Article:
Press release from The Denver Art Museum

 

Robert Adams. 'Lakewood, Colorado' 1968-1971

 

Robert Adams (American, b. 1937)
Lakewood, Colorado
1968-1971
Gelatin silver print
Yale University Art Gallery, purchased with a gift from Saundra B. Lane, a grant from the Trellis Fund and the Janet and Simeon Braguin Fund

 

Robert Adams. 'Pikes Peak, Colorado Springs, Colorado' 1969

 

Robert Adams (American, b. 1937)
Pikes Peak, Colorado Springs, Colorado
1969
Gelatin silver print
Yale University Art Gallery, purchased with a gift from Saundra B. Lane, a grant from the Trellis Fund and the Janet and Simeon Braguin Fund

 

Robert Adams. 'Denver, Colorado' c. 1970

 

Robert Adams (American, b. 1937)
Denver, Colorado
c. 1970
Gelatin silver print
Yale University Art Gallery, purchased with a gift from Saundra B. Lane, a grant from the Trellis Fund and the Janet and Simeon Braguin Fund

 

Robert Adams. 'Longmont, Colorado' 1973-1974, printed 2007

 

Robert Adams (American, b. 1937)
Longmont, Colorado
1973-1974, printed 2007
Gelatin silver print
Yale University Art Gallery, purchased with a gift from Saundra B. Lane, a grant from the Trellis Fund and the Janet and Simeon Braguin Fund

 

Robert Adams. 'Eden, Colorado' 1968

 

Robert Adams (American, b. 1937)
Eden, Colorado
1968
Gelatin silver print
Yale University Art Gallery, purchased with a gift from Saundra B. Lane, a grant from the Trellis Fund and the Janet and Simeon Braguin Fund

 

 

The Denver Art Museum
Civic Center Cultural Complex
located on 13th Avenue between Broadway and Bannock in downtown Denver

Opening hours:
Monday – Thursday 10am- 5pm
Friday 10 am – 8 pm
Saturday – Sunday 10am – 5pm

The Denver Art Museum website

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24
Nov
11

Exhibition: ‘W. Eugene Smith – Photographs A retrospective’ at Martin-Gropius-Bau, Berlin

Exhibition dates: 27th August – 27th November 2011

 

W. Eugene Smith. 'Dance of the Flaming Coke' 1955

 

W. Eugene Smith (American, 1918-1978)
Dance of the Flaming Coke
1955
Gelatin silver print
20.6 x 33 cm
Center for Creative Photography, University of Arizona: W. Eugene Smith Archive / Gift of the artist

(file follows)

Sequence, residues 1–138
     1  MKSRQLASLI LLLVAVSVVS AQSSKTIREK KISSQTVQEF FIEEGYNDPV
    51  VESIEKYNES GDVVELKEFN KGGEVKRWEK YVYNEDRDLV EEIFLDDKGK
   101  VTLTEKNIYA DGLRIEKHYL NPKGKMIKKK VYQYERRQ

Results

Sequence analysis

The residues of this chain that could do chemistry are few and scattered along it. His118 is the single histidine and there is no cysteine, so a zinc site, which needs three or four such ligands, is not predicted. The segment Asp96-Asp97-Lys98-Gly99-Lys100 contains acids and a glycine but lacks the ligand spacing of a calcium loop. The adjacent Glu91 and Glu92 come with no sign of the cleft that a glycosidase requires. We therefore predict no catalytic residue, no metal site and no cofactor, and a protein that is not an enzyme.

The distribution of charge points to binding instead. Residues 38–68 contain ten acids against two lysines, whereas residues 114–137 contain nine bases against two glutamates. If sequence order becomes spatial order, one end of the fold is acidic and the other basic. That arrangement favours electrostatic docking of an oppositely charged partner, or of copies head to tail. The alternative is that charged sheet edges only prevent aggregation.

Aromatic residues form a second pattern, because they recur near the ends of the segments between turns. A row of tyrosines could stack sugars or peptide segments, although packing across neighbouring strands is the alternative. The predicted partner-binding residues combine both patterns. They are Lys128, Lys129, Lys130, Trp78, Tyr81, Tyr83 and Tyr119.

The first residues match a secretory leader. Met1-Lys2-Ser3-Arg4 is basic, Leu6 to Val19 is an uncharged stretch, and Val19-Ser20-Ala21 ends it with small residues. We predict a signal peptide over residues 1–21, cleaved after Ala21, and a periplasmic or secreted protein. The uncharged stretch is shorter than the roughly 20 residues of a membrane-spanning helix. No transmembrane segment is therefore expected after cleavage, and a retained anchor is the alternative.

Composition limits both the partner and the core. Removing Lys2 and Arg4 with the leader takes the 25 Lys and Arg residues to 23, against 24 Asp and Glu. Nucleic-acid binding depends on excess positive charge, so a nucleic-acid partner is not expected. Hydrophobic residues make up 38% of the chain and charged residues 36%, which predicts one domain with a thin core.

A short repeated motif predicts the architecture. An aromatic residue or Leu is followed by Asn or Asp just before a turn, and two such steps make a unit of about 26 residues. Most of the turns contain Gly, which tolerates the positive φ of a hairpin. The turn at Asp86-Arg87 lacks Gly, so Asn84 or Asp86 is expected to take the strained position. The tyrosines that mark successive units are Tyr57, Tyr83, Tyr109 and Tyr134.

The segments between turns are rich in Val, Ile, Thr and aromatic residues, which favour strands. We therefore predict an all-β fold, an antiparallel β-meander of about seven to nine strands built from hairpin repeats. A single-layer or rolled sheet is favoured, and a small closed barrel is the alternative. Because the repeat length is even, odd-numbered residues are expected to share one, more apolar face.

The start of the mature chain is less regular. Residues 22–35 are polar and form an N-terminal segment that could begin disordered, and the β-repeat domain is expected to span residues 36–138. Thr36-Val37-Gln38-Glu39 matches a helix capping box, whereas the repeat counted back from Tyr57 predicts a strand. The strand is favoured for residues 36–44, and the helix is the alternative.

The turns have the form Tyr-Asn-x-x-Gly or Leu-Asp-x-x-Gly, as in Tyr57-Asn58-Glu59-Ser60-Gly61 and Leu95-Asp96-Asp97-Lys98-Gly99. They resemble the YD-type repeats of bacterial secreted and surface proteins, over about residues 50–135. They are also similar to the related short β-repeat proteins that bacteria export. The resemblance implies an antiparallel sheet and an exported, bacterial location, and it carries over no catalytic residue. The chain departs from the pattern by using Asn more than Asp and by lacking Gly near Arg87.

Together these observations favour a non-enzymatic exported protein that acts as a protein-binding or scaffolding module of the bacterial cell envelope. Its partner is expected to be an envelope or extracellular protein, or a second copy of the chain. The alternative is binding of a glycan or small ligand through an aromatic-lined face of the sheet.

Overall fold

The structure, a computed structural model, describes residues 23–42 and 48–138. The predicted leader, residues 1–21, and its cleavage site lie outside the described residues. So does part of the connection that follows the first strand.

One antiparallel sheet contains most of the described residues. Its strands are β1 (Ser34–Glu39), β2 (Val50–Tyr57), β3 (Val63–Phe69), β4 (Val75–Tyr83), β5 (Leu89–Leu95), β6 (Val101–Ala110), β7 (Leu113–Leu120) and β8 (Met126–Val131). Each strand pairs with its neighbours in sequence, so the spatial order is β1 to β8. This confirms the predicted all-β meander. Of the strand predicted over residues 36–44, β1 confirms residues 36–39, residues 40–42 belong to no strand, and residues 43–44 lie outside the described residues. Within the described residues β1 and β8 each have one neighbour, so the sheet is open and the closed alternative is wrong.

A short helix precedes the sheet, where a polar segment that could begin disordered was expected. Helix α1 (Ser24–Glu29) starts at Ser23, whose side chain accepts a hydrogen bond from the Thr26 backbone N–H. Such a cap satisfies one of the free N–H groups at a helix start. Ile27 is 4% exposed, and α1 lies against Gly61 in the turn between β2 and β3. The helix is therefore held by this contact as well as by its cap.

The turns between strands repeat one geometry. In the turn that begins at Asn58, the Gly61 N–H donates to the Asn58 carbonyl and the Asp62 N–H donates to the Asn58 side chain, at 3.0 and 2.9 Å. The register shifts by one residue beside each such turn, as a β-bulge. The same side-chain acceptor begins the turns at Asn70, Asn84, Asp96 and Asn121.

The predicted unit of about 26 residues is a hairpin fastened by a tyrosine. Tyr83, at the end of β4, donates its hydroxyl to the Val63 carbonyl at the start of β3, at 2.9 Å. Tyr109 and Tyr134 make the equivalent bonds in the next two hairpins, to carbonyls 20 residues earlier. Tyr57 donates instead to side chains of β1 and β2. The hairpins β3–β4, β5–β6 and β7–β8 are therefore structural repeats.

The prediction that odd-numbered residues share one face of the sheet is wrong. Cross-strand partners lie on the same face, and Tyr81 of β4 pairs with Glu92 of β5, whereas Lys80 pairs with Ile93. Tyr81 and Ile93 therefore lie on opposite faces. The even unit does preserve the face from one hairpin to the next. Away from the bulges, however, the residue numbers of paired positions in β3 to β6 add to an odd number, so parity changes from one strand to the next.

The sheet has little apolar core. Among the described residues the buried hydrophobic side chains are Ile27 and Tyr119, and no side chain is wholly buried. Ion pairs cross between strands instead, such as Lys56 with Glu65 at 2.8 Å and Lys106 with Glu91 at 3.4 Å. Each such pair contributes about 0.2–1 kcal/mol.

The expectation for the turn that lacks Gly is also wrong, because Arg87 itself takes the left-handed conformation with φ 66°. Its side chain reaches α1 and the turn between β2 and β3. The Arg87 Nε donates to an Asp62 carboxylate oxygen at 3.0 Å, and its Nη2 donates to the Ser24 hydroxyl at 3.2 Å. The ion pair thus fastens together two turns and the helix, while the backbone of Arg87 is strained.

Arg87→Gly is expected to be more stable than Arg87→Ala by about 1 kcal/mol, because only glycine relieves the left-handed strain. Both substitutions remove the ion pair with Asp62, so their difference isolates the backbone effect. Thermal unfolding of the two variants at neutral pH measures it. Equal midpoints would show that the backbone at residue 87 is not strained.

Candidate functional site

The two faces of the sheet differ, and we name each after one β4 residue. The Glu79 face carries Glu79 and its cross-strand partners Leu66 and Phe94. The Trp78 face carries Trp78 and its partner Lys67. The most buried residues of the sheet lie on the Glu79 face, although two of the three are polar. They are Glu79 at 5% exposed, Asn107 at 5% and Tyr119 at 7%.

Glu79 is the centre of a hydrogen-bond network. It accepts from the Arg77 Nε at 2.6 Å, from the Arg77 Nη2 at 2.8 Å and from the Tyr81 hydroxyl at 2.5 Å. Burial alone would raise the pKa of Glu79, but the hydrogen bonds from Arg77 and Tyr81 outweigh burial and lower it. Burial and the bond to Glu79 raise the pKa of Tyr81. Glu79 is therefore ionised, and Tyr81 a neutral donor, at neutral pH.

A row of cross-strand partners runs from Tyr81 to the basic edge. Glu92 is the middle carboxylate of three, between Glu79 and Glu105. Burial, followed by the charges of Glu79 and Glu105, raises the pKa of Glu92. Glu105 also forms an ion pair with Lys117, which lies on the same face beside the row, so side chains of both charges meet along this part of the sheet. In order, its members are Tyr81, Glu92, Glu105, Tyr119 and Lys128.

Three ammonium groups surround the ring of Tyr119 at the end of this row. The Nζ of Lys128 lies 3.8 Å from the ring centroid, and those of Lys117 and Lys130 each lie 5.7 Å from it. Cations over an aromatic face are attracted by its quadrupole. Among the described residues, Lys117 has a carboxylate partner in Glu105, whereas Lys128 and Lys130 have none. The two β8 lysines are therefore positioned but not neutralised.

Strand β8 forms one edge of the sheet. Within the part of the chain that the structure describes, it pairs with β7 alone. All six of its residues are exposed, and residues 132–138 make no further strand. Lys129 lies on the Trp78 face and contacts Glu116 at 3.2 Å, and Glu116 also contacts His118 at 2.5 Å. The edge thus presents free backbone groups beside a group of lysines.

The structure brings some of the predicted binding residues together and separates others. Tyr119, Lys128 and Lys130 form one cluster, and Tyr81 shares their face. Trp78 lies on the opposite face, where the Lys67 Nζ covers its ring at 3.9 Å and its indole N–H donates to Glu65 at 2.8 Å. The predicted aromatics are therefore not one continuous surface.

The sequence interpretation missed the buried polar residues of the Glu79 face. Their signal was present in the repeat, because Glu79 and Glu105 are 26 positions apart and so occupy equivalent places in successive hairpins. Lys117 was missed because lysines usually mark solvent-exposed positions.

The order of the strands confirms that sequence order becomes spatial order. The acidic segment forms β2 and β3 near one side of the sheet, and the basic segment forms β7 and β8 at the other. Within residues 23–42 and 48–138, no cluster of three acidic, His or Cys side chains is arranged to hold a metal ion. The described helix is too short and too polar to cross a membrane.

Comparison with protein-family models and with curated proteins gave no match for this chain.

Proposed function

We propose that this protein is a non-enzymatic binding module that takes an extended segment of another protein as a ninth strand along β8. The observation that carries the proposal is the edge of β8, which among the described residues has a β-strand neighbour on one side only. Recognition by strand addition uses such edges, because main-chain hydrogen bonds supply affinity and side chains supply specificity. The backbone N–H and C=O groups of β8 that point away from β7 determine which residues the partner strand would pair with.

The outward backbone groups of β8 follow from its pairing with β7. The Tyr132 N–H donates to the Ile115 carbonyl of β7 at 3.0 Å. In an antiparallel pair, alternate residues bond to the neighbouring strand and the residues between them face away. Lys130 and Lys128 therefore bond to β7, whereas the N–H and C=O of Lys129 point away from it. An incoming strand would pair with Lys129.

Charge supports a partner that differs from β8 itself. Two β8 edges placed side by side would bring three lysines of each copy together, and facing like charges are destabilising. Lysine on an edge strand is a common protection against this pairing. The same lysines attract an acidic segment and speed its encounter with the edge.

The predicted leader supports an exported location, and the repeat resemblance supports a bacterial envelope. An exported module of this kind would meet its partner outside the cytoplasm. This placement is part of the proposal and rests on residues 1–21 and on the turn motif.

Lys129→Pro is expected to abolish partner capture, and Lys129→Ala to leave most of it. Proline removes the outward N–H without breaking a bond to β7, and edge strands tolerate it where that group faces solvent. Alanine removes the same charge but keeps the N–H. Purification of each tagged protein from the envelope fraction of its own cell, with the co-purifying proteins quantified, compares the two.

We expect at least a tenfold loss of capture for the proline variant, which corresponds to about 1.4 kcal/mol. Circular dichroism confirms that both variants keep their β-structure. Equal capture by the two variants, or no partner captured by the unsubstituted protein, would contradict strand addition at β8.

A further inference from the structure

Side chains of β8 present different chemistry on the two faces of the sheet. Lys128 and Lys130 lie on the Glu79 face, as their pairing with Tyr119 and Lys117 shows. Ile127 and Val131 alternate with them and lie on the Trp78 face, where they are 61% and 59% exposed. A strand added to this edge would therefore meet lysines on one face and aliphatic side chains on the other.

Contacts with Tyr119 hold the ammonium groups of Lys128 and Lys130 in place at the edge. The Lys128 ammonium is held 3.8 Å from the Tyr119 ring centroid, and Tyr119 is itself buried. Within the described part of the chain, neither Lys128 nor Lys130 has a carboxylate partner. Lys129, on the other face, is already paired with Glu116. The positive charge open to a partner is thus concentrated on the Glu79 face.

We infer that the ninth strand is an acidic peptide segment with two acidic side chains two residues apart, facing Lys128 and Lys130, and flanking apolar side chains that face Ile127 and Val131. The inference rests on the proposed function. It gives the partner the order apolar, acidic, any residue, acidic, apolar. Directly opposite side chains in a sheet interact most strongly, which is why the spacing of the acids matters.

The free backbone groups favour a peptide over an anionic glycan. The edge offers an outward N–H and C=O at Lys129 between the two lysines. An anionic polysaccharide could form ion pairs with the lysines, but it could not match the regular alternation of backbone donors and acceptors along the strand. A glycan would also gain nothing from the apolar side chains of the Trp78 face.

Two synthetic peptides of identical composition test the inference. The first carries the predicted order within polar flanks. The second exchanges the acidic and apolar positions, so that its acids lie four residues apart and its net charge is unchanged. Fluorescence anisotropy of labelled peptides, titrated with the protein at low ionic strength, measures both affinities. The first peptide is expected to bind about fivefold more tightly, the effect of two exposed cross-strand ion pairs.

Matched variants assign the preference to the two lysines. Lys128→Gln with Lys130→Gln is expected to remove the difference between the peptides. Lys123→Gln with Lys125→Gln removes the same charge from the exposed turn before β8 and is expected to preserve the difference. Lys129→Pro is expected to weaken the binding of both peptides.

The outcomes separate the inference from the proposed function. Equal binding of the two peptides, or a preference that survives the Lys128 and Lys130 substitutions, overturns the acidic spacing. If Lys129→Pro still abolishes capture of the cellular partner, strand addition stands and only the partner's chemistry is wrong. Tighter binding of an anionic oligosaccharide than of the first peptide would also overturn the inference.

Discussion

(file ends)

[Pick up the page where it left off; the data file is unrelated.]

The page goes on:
© The Heirs of W. Eugene Smith, courtesy Black Star, Inc., New York

 

 

This man is legend. He created some of the most memorable and moving photographs in the history of the medium. Once seen, for example his seminal photograph Tomoko Uemura in Her Bath (1971), they are never forgotten. Look at the photographs below, really look deeply at them. The compositions are flawless, peerless. Smith’s use of chiaroscuro makes his images sing and flow, like a Bach fugue. In spite of everything, “in spite of all the wars and all I had gone through that day, I wanted to sing a sonnet to life and to the courage to go on living it.”

Through that courage he left us a body of work that will live forever as masterpieces of the art of photography. Applause.

Dr Marcus Bunyan

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Many thankx to the Martin-Gropius-Bau for allowing me to publish the photographs in the posting. Please click on the photographs for a larger version of the image.

 

W. Eugene Smith. 'Untitled' 1954

 

W. Eugene Smith (American, 1918-1978)
Untitled
1955
Gelatin silver print
22.2 x 34 cm
Center for Creative Photography, University of Arizona: W. Eugene Smith Archive / Gift of the artist
© The Heirs of W. Eugene Smith, courtesy Black Star, Inc., New York

 

W. Eugene Smith. 'Albert Schweitzer, Aspen, Colorado' 1949

 

W. Eugene Smith (American, 1918-1978)
Albert Schweitzer, Aspen, Colorado
1949
Gelatin silver print
24.7 x 33.2 cm
Center for Creative Photography, University of Arizona: W. Eugene Smith Archive / Gift of the artist
© The Heirs of W. Eugene Smith, courtesy Black Star, Inc., New York

 

W. Eugene Smith. 'Steel Mill Worker, Pittsburgh' 1955

 

W. Eugene Smith (American, 1918-1978)
Steel Mill Worker, Pittsburgh
1955
Gelatin silver print
15.1 x 21.5 cm
Center for Creative Photography, University of Arizona: W. Eugene Smith Archive / Gift of the artist
© The Heirs of W. Eugene Smith, courtesy Black Star, Inc., New York

 

W. Eugene Smith. 'Guardia Civil, Spain' 1950

 

W. Eugene Smith (American, 1918-1978)
Guardia Civil, Spain
1950
Gelatin silver print
25.1 x 32.1 cm
Center for Creative Photography, University of Arizona: W. Eugene Smith Archive / Gift of the artist
© The Heirs of W. Eugene Smith, courtesy Black Star, Inc., New York

 

W. Eugene Smith. 'The Wake' 1950

 

W. Eugene Smith (American, 1918-1978)
The Wake
1950
Gelatin silver print
22.2 x 33.1 cm
Center for Creative Photography, University of Arizona: W. Eugene Smith Archive / Gift of the artist
© The Heirs of W. Eugene Smith, courtesy Black Star, Inc., New York